Vladimir Palace

  The Vladimir Palace



The Vladimir Palace (Russian: Влади́мирский дворе́ц, Vladimirsky dvorets) was the last imperial palace to be constructed in Saint-Petersburg, Russia. It was designed by a team of architects (Vasily Kenel, Aleksandr Rezanov, Andrei Huhn, Ieronim Kitner, Vladimir Shreter) for Alexander II's son, Grand Duke Vladimir Alexandrovich of Russia. Construction work lasted from 1867 to 1872.

Like the Winter Palace and the Marble Palace, the Vladimir Palace fronts  Palace Embankment; water frontage on the Neva was extremely prized by the Russian aristocracy. The façade, richly ornamented with struccorustication, was patterned after Leon Battista Alberti's palazzi in Florence. The main porch is built of  Brenen sandstone and adorned with griffins, coats-of-arms, and cast-iron  lanterns. Other details are cast in portland cement.

The palace and its outbuildings contain some 360 rooms, all decorated in disparate historic styles: Neo-Renaissance (reception room, parlor), Gothic Revival (dining room), Russian Revival (Oak Hall), Rococo (White Hall), Byzantine style (study), various oriental styles, and so on. This interior ornamentation, further augmented by Maximilian Messmacher in 1880-1892, is considered a major monument to the 19th-century passion for historicizm.

After the October Revolution, the palace became the home of the 'Academics' House' (Дом Учёных), (named after Maxim Gorky), and as a consequence its interior has been preserved to a greater extent than other Romanov family residences. Much attractive tiling, and many internal architectural details have been retained. Also preserved has been much of Vladimir's collection of late 19th-century porcelain, most of it manufactured in the Imperial Porcelain Factory, and painted or decorated by its leading artists. The collection has been extended to include interesting porcelain from the early Soviet period, including figures of Chaliapin and Nijinsky, as well as vases and dinner services inspired by constructivism.






The Main Staircase.







The Main Staircase designed in elaborate French renaissance style of King Francois I. The Staircase starts from the Vestibule and leads straight up to a half landing. There the original staircase turns back on itself and runs to the first floor, while a second stairway- added by Mcsmakher, curves up to the left and leads to the east wing. The ceiling is decorated with a painting entitled "A genius on the banks of the Niva river" painted byVereshchagin.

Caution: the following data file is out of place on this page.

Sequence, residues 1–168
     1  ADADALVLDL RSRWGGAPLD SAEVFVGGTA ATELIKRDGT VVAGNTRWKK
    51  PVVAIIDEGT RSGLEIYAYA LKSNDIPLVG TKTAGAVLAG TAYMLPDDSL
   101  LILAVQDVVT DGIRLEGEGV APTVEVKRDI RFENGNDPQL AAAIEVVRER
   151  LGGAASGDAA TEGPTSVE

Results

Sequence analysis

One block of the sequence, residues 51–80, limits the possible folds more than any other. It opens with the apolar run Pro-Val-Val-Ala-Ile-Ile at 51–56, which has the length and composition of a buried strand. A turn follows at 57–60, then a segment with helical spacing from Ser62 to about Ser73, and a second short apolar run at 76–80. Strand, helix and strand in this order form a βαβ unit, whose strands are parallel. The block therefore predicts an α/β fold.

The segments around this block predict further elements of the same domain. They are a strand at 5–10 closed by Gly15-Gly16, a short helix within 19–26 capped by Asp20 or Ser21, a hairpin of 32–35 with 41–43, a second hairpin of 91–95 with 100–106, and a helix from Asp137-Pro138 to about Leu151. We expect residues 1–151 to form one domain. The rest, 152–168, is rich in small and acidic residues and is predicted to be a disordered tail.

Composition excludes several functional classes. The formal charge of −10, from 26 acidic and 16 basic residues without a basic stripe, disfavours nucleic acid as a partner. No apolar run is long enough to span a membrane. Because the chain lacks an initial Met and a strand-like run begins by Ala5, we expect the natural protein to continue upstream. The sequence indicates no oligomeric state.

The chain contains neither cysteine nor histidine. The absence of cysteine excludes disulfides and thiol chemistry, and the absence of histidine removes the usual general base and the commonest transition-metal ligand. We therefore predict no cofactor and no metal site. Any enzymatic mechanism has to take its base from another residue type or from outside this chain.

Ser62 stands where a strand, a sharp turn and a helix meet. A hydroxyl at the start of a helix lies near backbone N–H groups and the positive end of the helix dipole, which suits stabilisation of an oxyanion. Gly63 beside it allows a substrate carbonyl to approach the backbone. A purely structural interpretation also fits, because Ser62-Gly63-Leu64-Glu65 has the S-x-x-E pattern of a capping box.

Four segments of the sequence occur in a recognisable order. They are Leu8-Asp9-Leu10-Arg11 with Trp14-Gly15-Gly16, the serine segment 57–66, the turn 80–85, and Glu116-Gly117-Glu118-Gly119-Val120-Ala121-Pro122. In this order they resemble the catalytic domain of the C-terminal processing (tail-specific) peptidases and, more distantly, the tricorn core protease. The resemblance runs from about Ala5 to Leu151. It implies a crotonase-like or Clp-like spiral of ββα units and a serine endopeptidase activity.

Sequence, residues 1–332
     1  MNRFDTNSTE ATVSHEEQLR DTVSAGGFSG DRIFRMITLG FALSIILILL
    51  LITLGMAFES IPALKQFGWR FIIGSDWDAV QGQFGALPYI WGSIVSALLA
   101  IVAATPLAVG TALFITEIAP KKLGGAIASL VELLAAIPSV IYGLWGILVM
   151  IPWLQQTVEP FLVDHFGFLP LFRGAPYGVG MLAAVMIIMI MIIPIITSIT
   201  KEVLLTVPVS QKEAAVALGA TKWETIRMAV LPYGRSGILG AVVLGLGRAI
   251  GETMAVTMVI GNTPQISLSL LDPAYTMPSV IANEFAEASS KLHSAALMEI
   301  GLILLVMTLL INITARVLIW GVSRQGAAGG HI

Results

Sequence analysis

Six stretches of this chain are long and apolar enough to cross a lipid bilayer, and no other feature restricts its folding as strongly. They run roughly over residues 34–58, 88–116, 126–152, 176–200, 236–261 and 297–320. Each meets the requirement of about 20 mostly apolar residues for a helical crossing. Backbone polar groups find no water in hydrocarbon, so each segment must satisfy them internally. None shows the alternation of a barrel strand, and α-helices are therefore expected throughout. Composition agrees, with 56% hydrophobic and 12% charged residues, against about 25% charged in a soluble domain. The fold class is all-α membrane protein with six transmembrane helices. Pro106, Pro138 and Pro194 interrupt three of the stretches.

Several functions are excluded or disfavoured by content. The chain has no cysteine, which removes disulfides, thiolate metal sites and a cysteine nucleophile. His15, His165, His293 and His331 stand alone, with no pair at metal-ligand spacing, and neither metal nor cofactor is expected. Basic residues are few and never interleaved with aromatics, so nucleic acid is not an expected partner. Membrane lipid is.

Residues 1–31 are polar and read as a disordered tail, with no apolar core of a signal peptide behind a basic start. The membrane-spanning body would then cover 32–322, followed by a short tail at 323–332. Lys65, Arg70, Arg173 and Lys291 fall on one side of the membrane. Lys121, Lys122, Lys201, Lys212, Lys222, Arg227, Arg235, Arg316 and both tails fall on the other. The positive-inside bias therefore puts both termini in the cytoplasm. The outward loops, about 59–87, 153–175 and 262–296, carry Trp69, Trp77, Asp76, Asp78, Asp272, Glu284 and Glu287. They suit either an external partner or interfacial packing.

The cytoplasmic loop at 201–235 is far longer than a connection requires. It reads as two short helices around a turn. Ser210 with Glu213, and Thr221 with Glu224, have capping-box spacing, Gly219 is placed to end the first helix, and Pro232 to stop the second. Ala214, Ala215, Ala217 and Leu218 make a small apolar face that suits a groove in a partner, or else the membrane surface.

The Gold Staircase.





The Gold Staircase. In the east wing installed in 1881 -1891 by well- known architect М. Mesmakher. The Main Staircase is highlighted with bronze chandeliers presented to the palace by Empress Maria Alexandrovna.

 The Small Banqueting Hall.




 In 1888 the court architect М. Mesmakher designed Small Banqueting Hall, together with other palace's rooms. The Small Banqueting Hall is decorated in the Venetian taste.



The Raspberry Parlour.








The largest Raspberry Parlour is decorated In Italian Renaissance style. The carved ceiling is made of a nut tree on a sample of the ceilingsin Venice. The magnificent chandelier in the centre of the ceiling is of milky whiteglass designed in Murano factory. The room Is hung with many pictures from the original collection of Grand Duke Vladimir.







The Oak hall.

  The oak hall is decorated in unusual style based on the traditional Russian folk elements. The ceiling, panelling, cornice, and borders are all painted in imitation of oak. which makes the room seem interesting. Five popular Russian fairy tales decorate the walls, interpreted by Vereshchagin in oil on a special rough canvas that makes them look like tapestries.







The Ballroom

  The Ballroom is decorated in elaborate Louis XV Rococo style with an elaborate music gallery The ornate walls and ceiling includes beautifully sculptured figures of nymphs and cherubs. The three medallion paintings to the celling executed by Vereshchagln.


 Grand-ducal Study room

Grand-ducal Study room
In the very beginning of the XX th cen. The study-room of Grand Duke Vladimir was designed in "Art Nouveau" style. It Is one of the best examples of Art Nouveau style In the city In the middle of the study-room, working table of Grand Duke Vladimir still could be seen. This room in the only study safe In St. Petersburg. After the revolution of 1905, the family ordered to install steel panels of three study windows.


 The view from the Palace's windows





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